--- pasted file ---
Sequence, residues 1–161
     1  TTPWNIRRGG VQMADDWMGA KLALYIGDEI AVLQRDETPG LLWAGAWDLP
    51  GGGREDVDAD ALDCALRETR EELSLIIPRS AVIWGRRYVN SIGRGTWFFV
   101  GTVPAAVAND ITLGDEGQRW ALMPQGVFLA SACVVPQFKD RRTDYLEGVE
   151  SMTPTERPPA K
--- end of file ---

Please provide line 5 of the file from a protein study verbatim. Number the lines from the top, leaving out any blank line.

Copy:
   151  SMTPTERPPA K